So, juniors. Spring break is coming up. And let us guess: you haven’t toured any colleges yet. You have two options: 1) tour some colleges or 2) visit some colleges. That was a trick because those two things are the same. This is the time to take advantage of your upcoming break and start visiting colleges, doing your research, forming opinions, and making decisions. If we’re being honest, it’s late for you to be starting the college visit process (you should have already visited at least a couple of schools by now), but here we are. You can do it.
It’s necessary to visit schools in order to avoid applying to the wrong ones. Indeed, you really do need to spend time at, walk around, and immerse yourself in a school’s environment for at least a couple of hours to get a sense of whether or not you like it. Believe it or not, when I visited Harvard, I didn’t love it. It just wasn’t for me. Had I not visited, I would have applied just because it was Harvard. I went, I saw, I experienced, and I saved that application fee for another school. US News knew nothing as far as I was concerned. There are a million things to do when you’re applying to college, and this is a very basic item on the agenda. If you start to let things pile up, they’re going to do exactly that very quickly and it’s going to get overwhelming. Our advice? Get on top of it now.
Choose a college and go, go, go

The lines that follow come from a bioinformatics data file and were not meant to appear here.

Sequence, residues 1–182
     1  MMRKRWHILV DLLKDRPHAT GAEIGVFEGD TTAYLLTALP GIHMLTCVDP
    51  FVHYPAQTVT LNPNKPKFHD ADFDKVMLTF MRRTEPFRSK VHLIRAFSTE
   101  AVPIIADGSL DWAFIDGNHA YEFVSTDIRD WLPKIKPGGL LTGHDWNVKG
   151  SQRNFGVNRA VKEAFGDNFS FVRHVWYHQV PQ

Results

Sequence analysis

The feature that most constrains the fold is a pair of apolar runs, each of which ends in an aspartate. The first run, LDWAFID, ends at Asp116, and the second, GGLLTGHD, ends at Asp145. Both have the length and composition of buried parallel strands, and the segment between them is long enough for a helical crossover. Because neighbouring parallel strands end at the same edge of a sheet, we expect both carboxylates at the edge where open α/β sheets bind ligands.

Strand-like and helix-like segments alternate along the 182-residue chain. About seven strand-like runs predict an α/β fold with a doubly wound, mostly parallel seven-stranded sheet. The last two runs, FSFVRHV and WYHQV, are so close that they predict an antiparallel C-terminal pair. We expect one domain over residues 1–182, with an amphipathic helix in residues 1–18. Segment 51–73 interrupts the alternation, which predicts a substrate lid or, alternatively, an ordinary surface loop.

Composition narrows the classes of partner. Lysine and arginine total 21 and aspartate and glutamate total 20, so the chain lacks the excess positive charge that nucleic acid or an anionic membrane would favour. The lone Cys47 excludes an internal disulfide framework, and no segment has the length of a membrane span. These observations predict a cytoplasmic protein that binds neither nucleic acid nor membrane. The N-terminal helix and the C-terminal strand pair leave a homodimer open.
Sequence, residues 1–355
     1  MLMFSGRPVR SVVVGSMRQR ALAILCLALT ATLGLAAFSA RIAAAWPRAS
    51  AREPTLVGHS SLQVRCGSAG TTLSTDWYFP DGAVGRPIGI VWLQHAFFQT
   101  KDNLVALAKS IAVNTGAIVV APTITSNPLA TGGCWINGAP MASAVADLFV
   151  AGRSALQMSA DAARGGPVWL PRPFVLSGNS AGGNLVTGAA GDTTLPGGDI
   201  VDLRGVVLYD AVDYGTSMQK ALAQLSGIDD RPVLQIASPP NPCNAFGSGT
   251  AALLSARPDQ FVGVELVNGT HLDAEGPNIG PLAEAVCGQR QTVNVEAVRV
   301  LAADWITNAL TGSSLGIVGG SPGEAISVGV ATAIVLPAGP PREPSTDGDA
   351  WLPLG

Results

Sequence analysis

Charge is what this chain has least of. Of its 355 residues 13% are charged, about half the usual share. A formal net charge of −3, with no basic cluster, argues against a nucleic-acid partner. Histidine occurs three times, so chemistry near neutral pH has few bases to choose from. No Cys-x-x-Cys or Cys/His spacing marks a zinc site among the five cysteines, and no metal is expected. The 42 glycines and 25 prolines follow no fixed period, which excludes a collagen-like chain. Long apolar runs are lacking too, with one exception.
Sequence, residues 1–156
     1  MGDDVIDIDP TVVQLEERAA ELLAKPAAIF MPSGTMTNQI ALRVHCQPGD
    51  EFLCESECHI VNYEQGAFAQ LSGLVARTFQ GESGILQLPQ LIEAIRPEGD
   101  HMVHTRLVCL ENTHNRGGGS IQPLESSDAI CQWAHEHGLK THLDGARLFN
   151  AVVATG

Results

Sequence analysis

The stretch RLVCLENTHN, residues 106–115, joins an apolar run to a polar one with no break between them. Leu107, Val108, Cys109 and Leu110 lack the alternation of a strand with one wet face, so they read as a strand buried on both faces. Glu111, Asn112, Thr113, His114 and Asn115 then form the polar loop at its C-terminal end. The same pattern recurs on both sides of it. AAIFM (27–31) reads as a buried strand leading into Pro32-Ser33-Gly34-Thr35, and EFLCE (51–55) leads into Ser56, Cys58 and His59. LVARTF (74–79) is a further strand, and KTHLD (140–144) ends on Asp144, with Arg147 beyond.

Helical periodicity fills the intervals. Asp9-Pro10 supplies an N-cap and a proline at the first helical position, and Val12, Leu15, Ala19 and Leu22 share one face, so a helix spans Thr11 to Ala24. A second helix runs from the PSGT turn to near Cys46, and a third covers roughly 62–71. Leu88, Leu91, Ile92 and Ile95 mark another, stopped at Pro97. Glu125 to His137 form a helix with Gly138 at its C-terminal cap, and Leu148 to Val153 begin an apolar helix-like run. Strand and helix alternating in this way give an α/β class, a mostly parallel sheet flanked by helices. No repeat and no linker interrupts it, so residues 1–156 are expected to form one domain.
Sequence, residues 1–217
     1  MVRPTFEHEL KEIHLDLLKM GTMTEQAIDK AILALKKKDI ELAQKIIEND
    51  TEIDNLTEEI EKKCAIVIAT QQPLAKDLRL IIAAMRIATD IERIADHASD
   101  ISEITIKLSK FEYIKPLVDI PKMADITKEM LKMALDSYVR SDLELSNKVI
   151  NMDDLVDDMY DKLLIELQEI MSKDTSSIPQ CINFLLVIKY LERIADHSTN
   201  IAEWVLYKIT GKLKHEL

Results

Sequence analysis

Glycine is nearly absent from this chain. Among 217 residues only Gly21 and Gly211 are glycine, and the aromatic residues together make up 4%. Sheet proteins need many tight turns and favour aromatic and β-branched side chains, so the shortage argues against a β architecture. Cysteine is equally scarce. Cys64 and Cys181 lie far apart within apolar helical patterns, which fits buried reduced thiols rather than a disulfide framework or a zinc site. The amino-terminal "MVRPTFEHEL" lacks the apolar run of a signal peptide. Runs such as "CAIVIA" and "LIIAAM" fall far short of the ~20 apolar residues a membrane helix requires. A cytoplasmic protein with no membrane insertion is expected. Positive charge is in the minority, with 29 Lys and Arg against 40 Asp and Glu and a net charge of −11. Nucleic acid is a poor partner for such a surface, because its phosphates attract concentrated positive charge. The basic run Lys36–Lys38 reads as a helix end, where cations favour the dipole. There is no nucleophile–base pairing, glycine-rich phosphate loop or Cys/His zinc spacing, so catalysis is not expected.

Truly just choose one. If it’s easy to go somewhere nearby, that’s great. In fact, if we’re talking about the importance of demonstrated interest, it will not look great if you live next to (or a 30-min train ride away from) a college and don’t ever tour it. If you’d rather hop a plane or a train and venture somewhere far, that’s also great. Don’t overthink it—just get to a college campus that you think you might reasonably enjoy. Ideally, you’ll visit a few places while you have multiple days off in a row. The college tour process is all about gathering data, and in order to do that you have to start visiting.
Take notes of the copious variety
When you visit your first college, take careful note of what you like and what you don’t like. Create a list of pros and cons and begin adding to it immediately. The more opinionated you are, the better, particularly at the beginning. There are thousands of schools in the U.S., so you need to start narrowing it down. Liked the size of the school but not the location? Great to know. Enjoyed accessibility to the outdoors? A wonderful consideration. Loved just how crowded and loud and abuzz the center of campus was? Us too. All of these things matter, so start thinking critically.
Rinse and repeat
When you tour that first college and figure out what you liked and what you didn’t like, consider the fact that there are so many others out there. You guessed it. Next step: choose another school to visit. Do the same thing all over again and don’t forget to ask questions. You’ll begin to see a trend earlier than you think in terms of what you like, what communities you gravitate towards. This is the type of thing that only you can do for yourself. It’s where you’ll be spending four years, so invest a bit of research time now. We promise it will pay off.
This is a tricky process, we aren’t going to lie. That said, you have to start somewhere, and the clock is ticking. We know that you can do it. Get out there. If you need our help, though, let us know via phone or email. A college tour schedule and various plans of attack that we recommend to our students deeply depend on the person: their preferences, goals, and background. It’s different for everyone. While the above is a quick guide, we’ve been doing this for years and we’re here to help.